Whoa! December already! Time for holiday celebrations a'plenty. Also time for the final WEP (Write...Edit...Publish) challenge for 2017. We've already prepared all the challenges for 2018, so if you enjoy a writing challenge, go HERE to read all about it. We'd love to have you.
The December WEP challenge is The End is the Beginning. Pretty open, wouldn't you say? The blurb said:
A flashback? A new start? A cascading change? A branching off point? An end and a beginning? Celebrate year's end with us!
Here I am, all fuelled up after my latest sojourn in Paris, so of course, my flash fiction is set in that beautiful city. It's probably more suited to Romantic Friday Writers, but, heck, what's wrong with a bit of romance? My story offers a new start, an end and a beginning,
The City Where Love Lived and Died
It’s our wedding day. May 25, 2011. The most romantic day of my life is finally here and I’m spending it in the most romantic city in the world. Ooh la la!
Can I take it all in? Everywhere I look there is beauty – Notre Dame's aged
bricks and soaring buttresses being kissed by sunset – the lock-filled bridge,
the Pont des Arts that joins the Left Bank and Right Bank – lovers sharing wine
and baguettes, dangling their legs in the Seine and throwing bread to the ducks.
As I walk beside the river, my candy pink dress with its French Poodle embroidery flares around my knees. Pink satin heels complement my black net stockings. I clutch the tiny posy of white roses which my darling Mitch handed to me on the steps of the town hall, known here as the mairie. Their scent envelopes me as I walk arm in arm with my beautiful man feeling oh so French.
Mitch, so handsome in his black suit, kisses the white gold and diamond ring on my finger – Could this day get any better?
‘Let’s do it!’ he says.
We walk to our chosen spot midway across the Pont des Arts. Mitch reaches into his pocket and flips the copper lock in his hands.
We gaze at the token as if it were made of solid gold.
‘I had it engraved,’ he says.
‘I had it engraved,’ he says.
Wrapping my arms around his waist, I read the inscription – ‘Capt'nFlynn, Mastarata 25-May-2011’.
Yes, this day could get better. 'You used our special names.'
We loop the lock over the wire and click it shut. Mitch reaches for me and we kiss. I hear a passing tourist snap our photo. I giggle, wondering if they'll give it a caption: The Kiss.
‘Let’s come back every year to celebrate our wedding anniversary,’ I say.
‘I can’t think of any better way to celebrate our love,’ Mitch says.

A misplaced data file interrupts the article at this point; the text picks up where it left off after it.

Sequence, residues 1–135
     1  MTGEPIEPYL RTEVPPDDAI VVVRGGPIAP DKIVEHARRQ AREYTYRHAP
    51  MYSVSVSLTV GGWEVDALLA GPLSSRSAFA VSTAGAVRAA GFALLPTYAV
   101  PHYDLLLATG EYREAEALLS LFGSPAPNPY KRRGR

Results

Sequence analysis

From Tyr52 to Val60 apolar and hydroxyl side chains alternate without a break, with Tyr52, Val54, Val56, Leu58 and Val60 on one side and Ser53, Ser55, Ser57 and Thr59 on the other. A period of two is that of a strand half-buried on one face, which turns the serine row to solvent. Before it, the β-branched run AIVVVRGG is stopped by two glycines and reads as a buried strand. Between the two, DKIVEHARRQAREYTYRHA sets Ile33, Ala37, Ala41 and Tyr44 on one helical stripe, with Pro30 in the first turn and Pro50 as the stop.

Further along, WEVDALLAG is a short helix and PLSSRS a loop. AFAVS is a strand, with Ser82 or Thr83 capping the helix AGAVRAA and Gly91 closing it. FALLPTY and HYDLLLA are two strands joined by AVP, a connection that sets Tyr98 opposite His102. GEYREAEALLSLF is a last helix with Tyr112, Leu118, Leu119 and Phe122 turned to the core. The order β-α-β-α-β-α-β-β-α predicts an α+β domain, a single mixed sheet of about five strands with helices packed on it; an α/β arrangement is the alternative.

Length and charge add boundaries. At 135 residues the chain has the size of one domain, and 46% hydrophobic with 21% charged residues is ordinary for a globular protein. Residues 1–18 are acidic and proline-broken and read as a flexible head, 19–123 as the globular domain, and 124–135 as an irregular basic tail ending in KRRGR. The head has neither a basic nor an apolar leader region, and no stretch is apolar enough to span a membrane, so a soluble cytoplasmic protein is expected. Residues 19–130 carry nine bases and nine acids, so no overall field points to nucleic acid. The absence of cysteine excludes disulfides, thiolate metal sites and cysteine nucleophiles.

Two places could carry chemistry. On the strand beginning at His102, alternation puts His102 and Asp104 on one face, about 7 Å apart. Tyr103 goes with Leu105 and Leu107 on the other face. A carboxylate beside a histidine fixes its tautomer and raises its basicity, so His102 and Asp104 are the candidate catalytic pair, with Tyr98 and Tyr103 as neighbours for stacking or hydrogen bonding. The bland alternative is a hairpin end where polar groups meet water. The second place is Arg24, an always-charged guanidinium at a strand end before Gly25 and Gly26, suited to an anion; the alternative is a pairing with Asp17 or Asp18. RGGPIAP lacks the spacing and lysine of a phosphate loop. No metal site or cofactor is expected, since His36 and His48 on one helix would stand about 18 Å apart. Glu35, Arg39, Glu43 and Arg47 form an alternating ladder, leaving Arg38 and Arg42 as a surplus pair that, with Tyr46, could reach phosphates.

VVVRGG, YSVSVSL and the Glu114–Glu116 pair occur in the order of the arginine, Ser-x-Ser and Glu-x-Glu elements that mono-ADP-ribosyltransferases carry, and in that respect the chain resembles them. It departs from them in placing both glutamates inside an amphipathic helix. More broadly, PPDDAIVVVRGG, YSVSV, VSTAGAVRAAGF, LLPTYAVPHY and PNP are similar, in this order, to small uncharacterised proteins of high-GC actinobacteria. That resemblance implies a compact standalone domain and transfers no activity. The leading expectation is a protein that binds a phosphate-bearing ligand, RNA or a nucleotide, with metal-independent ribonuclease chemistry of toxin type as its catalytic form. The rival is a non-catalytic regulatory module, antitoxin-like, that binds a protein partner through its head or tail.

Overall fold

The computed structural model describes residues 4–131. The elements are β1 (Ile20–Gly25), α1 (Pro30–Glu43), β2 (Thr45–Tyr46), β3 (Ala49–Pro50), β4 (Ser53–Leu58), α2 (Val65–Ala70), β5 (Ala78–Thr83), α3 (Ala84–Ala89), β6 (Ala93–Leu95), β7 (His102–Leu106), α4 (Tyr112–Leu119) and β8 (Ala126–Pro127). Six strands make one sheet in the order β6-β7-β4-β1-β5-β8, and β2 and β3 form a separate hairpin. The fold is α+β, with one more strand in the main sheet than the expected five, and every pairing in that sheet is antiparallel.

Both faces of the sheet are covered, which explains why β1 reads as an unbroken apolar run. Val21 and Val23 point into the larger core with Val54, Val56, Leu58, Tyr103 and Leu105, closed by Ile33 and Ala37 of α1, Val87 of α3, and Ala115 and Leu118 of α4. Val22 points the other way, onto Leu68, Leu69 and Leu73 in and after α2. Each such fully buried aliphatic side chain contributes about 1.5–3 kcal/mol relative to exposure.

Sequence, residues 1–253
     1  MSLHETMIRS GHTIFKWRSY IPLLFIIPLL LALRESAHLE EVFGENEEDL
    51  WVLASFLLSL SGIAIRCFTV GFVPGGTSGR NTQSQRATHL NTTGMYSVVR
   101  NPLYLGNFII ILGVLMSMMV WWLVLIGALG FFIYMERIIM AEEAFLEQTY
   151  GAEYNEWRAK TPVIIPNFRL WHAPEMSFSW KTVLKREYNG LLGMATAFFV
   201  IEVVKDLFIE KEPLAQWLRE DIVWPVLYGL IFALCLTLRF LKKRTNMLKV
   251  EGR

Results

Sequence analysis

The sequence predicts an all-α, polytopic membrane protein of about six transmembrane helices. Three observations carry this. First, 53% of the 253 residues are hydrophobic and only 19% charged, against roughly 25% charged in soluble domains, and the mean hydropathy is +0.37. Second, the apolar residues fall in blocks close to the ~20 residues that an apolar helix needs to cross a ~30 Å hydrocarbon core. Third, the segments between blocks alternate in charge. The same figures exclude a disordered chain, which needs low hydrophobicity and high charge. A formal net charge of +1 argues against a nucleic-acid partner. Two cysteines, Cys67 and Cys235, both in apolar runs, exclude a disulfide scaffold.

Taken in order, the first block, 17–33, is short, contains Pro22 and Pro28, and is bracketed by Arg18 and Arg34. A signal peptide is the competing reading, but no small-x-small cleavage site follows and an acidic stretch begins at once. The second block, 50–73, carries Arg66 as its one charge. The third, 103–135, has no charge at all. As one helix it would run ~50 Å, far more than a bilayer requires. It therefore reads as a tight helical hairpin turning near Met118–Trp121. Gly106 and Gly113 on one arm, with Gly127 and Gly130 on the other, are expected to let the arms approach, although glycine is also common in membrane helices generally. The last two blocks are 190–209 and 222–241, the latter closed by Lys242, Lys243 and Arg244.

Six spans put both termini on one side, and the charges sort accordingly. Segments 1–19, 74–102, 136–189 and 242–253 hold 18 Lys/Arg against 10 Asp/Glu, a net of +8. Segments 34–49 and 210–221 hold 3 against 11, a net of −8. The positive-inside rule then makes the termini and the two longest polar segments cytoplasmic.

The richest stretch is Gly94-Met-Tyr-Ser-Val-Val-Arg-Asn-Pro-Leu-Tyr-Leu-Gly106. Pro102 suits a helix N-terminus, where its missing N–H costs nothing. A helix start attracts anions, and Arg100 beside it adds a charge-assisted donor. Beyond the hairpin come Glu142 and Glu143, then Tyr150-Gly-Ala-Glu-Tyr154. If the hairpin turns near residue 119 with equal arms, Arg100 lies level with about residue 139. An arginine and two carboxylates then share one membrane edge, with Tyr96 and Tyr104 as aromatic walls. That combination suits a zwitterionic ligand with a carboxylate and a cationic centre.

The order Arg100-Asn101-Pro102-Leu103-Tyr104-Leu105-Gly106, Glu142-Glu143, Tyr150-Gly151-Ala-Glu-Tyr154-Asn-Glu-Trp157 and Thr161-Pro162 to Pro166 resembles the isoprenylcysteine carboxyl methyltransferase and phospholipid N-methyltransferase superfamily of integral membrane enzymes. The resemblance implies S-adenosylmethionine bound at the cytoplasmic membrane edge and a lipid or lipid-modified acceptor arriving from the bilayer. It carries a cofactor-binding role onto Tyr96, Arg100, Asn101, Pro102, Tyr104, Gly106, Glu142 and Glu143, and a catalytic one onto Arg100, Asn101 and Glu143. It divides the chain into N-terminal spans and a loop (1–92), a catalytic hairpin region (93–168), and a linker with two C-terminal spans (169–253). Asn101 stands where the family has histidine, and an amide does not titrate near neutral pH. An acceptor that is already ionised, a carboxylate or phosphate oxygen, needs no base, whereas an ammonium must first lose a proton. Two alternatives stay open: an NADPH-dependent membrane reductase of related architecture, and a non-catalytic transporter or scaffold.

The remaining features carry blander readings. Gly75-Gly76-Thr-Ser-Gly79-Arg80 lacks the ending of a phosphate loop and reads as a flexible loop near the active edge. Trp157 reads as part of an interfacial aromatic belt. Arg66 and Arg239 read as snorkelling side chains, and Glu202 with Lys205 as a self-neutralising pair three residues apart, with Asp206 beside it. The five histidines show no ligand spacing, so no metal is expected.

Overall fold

We kiss again to seal the deal.
As I cross the bridge between the Latin Quarter and Notre Dame, I think to myself how apt it is that the skies are all smudgy, not that brilliant Parisian grey-blue of two years ago.
Nevertheless, I came here for a reason, no matter how painful. I hold my breath as I stand on the timber deck of the Pont des Arts once again and search through the multitude of love locks. It’s a wonder the bridge doesn’t collapse under this weight of metal.
Finally, there it is - still bright and shiny in the gloom. I pick it up and rub my thumb over our pet names.
I attach the tiny plastic envelope to the lock handle, then I collapse onto a bench and sob for our fractured love.
I could have trusted you instead of showering you with jealousy.
I could have travelled with you instead of putting my career first.
I could have forgiven you instead of throwing you out without listening to you.
Your Dearest Polly
We were meant to be together, forever.
I stroll along the Seine, then order mussels in garlic cream sauce at what was our favourite restaurant in the Latin Quarter. When the attentive waiter brings the bowl of dark, half open shells, pours my wine and places the bread basket before me, I cannot eat or drink.
It’s futile to retrace steps from the past; those steps have been obliterated with time.
The 17th Century Hotel le Relais is not at all romantic without Mitch. Climbing the winding stairs is just a leg-numbing chore. Surely they could install a lift.
The fifth floor at last. The Romantic Room with the etched carvings on the ancient door. From the window I’ll be able to gaze at Notre Dame and watch the old lady turn golden in the sunset, watch the tourists snapping pictures, watch the thousands entering her Gothic doors, hoping to find solace as they gasp at the beauty of the rose window.
I take a deep breath and rattle around with the ancient key.
The door opens before I find the slot. I step back in fright, clasping my chest and breathing jerky breaths.
‘Mitch! What are you doing here?’
‘Same as you, I imagine.’
‘I read your letter.’
He holds out our wedding album.
I'd left it on the desk under the window.
‘I saw this. How could I have put what we have at risk? I’m a fool.’
‘Marrying you was the happiest day of my life. That album reminds me of our special day.’
‘I’m sorry sweetheart. It wasn’t you who needed reminding, it was me. I’ll do better. What I did was despicable, but...will you take me back? I’m so sorry. I love you...I love you...’
I entwine my arms around his neck and soak his beautiful white shirt with my tears.
‘I love you Mitch. I don’t want a life without you. I've missed you so...’
His arms feel so right, around me where they belong – could this day get any better?
It’s about to.
NOTE: The ‘love locks’, despised by most of the French population, were removed from the Pont des Arts on June 1, 2015. When I returned this visit, I was happy to see that Pont Neuf is now adorned with ‘love locks’. Obviously, the City of Love didn’t want to be known as the City Where Love Died.
|Love locks on the Pont Neuf - corridors and corridors of them leading down to the Seine.
Taken by moi in September, 2017.
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Thanks for reading.